Project description:The proinflammatory cytokines interleukin (IL)-1? and IL-18 are products of activation of the inflammasome, an innate sensing system, and important in the pathogenesis of herpes simplex virus type 1 (HSV-1). The release of IL-18 and IL-1? from monocytes/macrophages is critical for protection from HSV-1 based on animal models of encephalitis and genital infection, yet if and how HSV-1 activates inflammasomes in human macrophages is unknown. To investigate this, we utilized both primary human monocyte derived macrophages and human monocytic cell lines (THP-1 cells) with various inflammasome components knocked-out. We found that HSV-1 activates inflammasome signaling in proinflammatory primary human macrophages, but not in resting macrophages. Additionally, HSV-1 inflammasome activation in THP-1 cells is dependent on nucleotide-binding domain and leucine-rich repeat-containing receptor 3 (NLRP3), apoptosis-associated speck-like molecule containing a caspase recruitment domain (ASC), and caspase-1, but not on absent in melanoma 2 (AIM2), or gamma interferon-inducible protein 16 (IFI16). In contrast, HSV-1 activates non-canonical inflammasome signaling in proinflammatory macrophages that results in IL-1?, but not IL-18, release that is independent of NLRP3, ASC, and caspase-1. Ultraviolet irradiation of HSV-1 enhanced inflammasome activation, demonstrating that viral replication suppresses inflammasome activation. These results confirm that HSV-1 is capable of activating the inflammasome in human macrophages through an NLRP3 dependent process and that the virus has evolved an NLRP3 specific mechanism to inhibit inflammasome activation in macrophages.
Project description:Herpes simplex virus 1 (HSV-1), a leading cause of genital herpes, infects oral or genital mucosal epithelial cells before infecting the peripheral sensory nervous system. The spread of HSV-1 beyond the sensory nervous system and the resulting broader spectrum of disease are not well understood. Using a mouse model of genital herpes, we found that HSV-1-infection-associated lethality correlated with severe fecal and urinary retention. No inflammation or infection of the brain was evident. Instead, HSV-1 spread via the dorsal root ganglia to the autonomic ganglia of the enteric nervous system (ENS) in the colon. ENS infection led to robust viral gene transcription, pathological inflammatory responses, and neutrophil-mediated destruction of enteric neurons, ultimately resulting in permanent loss of peristalsis and the development of toxic megacolon. Laxative treatment rescued mice from lethality following genital HSV-1 infection. These results reveal an unexpected pathogenesis of HSV associated with ENS infection.
Project description:Herpes simplex virus type 1 (HSV-1), an enveloped DNA virus, plays a key role in varieties of diseases including recurrent cold sores, keratoconjunctivitis, genital herpes and encephalitis in humans. Great efforts have been made in developing more effective and less side-effects anti-herpes simplex virus agents, including traditional Chinese herbal medicines. In the present study, we evaluated the antiviral efficacy of Rheum tanguticum nanoparticles against HSV-1 in vitro and in vivo. R. tanguticum nanoparticles could inactivate the HSV-1 virions and block the viral attachment and entry into cells. Time-of-addition assay indicated that R. tanguticum nanoparticles could interfere with the entire phase of viral replication. Besides, R. tanguticum nanoparticles showed the ability to inhibit the mRNA expression of HSV-1 immediate early gene ICP4 and early gene ICP8 as well as the expression of viral protein ICP4 and ICP8. Moreover, R. tanguticum nanoparticles have been proved to protect mice against HSV-1 induced lethality by decreasing the viral load and alleviated pathological changes in brain tissues. In conclusion, we demonstrated that R. tanguticum nanoparticles could inhibit HSV-1 infection through multiple mechanisms. These results suggest that R. tanguticum nanoparticles may have novel roles in the treatment of HSV-1 infection.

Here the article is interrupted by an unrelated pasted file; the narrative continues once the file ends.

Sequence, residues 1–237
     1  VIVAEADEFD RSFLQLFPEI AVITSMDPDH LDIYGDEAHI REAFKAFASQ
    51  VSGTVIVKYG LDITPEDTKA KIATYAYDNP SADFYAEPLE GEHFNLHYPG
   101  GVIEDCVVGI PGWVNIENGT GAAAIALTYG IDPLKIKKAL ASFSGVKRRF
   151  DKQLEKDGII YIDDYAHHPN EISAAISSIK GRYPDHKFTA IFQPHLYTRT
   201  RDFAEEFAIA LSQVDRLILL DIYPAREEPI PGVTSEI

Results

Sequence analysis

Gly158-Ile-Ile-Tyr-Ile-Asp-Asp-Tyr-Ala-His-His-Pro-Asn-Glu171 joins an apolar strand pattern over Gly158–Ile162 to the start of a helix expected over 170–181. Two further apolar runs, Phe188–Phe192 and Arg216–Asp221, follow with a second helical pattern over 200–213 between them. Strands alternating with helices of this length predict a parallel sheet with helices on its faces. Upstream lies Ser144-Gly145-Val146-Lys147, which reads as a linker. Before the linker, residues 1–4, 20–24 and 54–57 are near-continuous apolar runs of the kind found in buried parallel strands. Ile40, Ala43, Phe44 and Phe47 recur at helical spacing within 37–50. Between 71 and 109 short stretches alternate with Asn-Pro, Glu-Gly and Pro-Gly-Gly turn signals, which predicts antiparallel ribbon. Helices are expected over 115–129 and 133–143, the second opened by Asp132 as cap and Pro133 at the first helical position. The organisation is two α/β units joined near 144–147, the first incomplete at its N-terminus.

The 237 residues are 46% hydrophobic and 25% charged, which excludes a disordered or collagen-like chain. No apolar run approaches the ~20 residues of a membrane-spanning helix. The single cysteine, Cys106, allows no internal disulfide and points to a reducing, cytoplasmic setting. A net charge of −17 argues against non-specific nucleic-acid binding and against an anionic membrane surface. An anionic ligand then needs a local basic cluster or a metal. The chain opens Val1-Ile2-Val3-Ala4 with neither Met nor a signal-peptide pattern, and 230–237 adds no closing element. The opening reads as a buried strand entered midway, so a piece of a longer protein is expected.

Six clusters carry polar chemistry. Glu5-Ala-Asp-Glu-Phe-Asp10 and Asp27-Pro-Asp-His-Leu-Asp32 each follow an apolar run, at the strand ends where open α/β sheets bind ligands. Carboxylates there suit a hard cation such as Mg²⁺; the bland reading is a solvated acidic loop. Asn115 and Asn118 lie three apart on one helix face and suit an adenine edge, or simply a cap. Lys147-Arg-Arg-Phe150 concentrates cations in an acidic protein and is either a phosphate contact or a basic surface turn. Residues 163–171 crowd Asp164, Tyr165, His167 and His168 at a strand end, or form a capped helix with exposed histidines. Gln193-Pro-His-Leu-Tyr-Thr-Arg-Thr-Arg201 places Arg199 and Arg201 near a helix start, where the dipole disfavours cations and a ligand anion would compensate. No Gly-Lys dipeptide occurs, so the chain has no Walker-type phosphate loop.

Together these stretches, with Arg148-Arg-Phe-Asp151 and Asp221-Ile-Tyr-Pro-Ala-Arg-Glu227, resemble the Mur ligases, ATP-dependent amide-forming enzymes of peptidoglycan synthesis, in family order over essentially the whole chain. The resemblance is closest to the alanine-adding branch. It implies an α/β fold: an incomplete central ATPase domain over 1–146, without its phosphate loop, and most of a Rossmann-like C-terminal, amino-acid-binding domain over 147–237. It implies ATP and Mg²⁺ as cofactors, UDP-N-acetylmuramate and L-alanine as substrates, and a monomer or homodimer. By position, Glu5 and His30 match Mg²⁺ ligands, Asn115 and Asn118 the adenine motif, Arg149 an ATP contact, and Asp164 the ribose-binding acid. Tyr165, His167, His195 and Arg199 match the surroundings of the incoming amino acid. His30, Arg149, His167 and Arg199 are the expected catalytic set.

Project description:Genital herpes is a venereal disease caused by herpes simplex virus (HSV). Although HSV symptoms can be reduced with antiviral drugs, there is no cure. Moreover, because HSV infected individuals are often unaware of their infection, it is highly likely that they will transmit HSV to their sexual partner. Once infected, an individual has to live with HSV for their entire life, and HSV infection can lead to meningitis, encephalitis, and neonatal herpes as a result of vertical transmission. In addition, HSV infection increases the rates of human immunodeficiency virus (HIV) infection and transmission. Because of the high burden of genital herpes, HSV vaccines have been developed, but none have been very successful. In this review, we discuss the current status of genital herpes vaccine development.
Project description:Macrophages have important protective functions during infection with herpes simplex virus type 1 (HSV-1). However, molecular mechanisms that restrict viral propagation and protect from severe disease are unclear. Here we show that macrophages take up HSV-1 via endocytosis and transport the virions into multivesicular bodies (MVBs). In MVBs, acid ceramidase (aCDase) converts ceramide into sphingosine and increases the formation of sphingosine-rich intraluminal vesicles (ILVs). Once HSV-1 particles reach MVBs, sphingosine-rich ILVs bind to HSV-1 particles, which restricts fusion with the limiting endosomal membrane and prevents cellular infection. Lack of aCDase in macrophage cultures or in Asah1-/- mice results in replication of HSV-1 and Asah1-/- mice die soon after systemic or intravaginal inoculation. The treatment of macrophages with sphingosine enhancing compounds blocks HSV-1 propagation, suggesting a therapeutic potential of this pathway. In conclusion, aCDase loads ILVs with sphingosine, which prevents HSV-1 capsids from penetrating into the cytosol.